Dr. Claus Volko: My father was a fan of Karl Popper and thought that Popper’s philosophy was the only one worth spending time with. I share a similar preference for Popper over other philosophers. Popper tried to come up with a rational epistemic methodology that follows the laws of logic, and he also applied it to political philosophy.

2. Jacobsen: What ethical philosophy makes the most sense to you?

Volko: I have dealt quite a bit with political philosophy during my student years and I prefer the political philosophy of classical liberalism over others such as socialism, conservatism and fascism. Classical liberalism is about freedom from force enacted by the government. The
government shall be minimal and only take care of the protection of life and property. Karl Popper was also a liberal philosopher. He wrote “The Open Society and Its Enemies” in which he defended liberalism against Marxist socialism and Plato’s totalitarianism.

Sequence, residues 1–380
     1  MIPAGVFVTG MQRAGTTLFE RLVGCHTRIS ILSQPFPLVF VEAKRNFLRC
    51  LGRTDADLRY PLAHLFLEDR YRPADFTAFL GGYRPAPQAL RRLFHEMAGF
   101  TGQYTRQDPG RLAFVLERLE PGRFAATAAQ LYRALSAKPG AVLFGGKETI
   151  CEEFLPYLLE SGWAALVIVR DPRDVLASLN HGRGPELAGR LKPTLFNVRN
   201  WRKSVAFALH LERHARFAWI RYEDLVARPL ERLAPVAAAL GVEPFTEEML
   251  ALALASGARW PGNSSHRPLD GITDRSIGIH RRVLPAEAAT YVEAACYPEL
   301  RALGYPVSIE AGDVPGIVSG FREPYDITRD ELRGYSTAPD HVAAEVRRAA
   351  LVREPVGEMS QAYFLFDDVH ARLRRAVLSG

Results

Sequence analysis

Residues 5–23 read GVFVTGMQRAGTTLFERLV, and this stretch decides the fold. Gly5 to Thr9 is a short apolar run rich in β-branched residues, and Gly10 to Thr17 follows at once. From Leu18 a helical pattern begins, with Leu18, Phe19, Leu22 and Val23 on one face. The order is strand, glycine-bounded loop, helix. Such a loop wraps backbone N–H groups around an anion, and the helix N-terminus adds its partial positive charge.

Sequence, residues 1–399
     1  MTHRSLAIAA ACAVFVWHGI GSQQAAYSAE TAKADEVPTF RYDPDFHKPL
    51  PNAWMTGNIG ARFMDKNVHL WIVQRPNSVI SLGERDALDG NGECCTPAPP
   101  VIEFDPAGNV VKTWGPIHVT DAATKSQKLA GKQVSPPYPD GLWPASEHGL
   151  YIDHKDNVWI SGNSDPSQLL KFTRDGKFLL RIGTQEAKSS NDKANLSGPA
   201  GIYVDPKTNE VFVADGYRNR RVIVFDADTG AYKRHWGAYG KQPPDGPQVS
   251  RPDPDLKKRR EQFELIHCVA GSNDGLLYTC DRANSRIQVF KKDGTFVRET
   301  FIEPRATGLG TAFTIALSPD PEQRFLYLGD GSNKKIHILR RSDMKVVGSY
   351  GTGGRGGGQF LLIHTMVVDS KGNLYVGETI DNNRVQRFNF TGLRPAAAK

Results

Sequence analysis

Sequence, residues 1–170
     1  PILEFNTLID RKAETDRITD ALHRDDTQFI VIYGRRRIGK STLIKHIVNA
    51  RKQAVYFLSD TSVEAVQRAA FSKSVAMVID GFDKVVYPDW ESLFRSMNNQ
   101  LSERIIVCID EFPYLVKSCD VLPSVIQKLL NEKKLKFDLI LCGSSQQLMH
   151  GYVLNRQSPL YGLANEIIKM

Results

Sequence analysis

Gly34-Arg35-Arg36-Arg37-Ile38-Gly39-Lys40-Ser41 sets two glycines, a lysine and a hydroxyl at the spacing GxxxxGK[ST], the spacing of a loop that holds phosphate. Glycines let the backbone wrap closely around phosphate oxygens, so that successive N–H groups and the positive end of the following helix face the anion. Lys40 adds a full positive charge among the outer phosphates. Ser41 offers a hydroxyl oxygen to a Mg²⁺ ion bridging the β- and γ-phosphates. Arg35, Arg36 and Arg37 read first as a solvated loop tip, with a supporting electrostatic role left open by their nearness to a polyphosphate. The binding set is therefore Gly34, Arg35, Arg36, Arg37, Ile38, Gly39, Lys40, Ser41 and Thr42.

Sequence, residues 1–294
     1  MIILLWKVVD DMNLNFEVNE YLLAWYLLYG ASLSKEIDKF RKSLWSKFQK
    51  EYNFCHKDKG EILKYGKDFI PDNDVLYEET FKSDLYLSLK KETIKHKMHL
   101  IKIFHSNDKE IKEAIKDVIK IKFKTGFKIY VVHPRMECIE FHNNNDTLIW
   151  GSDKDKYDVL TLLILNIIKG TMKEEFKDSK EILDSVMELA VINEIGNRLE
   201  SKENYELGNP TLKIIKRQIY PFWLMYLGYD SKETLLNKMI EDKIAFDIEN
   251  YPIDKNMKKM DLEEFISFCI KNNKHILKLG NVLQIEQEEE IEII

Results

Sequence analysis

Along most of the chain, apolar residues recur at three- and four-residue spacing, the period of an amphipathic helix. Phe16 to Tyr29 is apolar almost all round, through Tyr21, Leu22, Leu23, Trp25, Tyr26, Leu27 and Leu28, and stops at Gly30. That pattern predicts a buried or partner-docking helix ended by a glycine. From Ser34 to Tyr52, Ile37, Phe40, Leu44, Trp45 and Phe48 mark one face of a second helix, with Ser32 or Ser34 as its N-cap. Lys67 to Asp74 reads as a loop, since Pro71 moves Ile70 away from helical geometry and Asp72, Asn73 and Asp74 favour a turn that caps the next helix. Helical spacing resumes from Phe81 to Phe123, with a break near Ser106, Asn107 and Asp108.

3. Jacobsen: You are non-religious or without religious affiliation in Austria. Do you believe in a god or gods? If so, why so? If not, why not?

Volko: For me god is a metaphor for laws governing the universe that we know or do not know of. So if I write “Thank God” it is not that I am thinking of a person but it is a phrase to signify that something good happened, perhaps by chance, perhaps by reason.

4. Jacobsen: As a non-religious person, why be non-religious when so many religions offer sustenance for so many in their emotional, ethical, social, and intellectual lives?

Volko: For me religions do not offer anything but restriction in my thinking.

5. Jacobsen: What relates the social, political, economic, and ethical philosophies for you?

Volko: Karl Popper called his philosophy “Critical Rationalism”. I would also say that my approach is a rationalist one. I try to investigate everything analytically and back up my stances with reason.

6. Jacobsen: Your emphasis on Karl Popper is interesting to me. It’s important for a number of reasons. One of those is the principle of Falsifiability. If something can be proposed as a theory about the world, then it should provide a means by which to show a condition under which the theory would fail. What kinds of hypotheses would fall under this? What types of theories would not?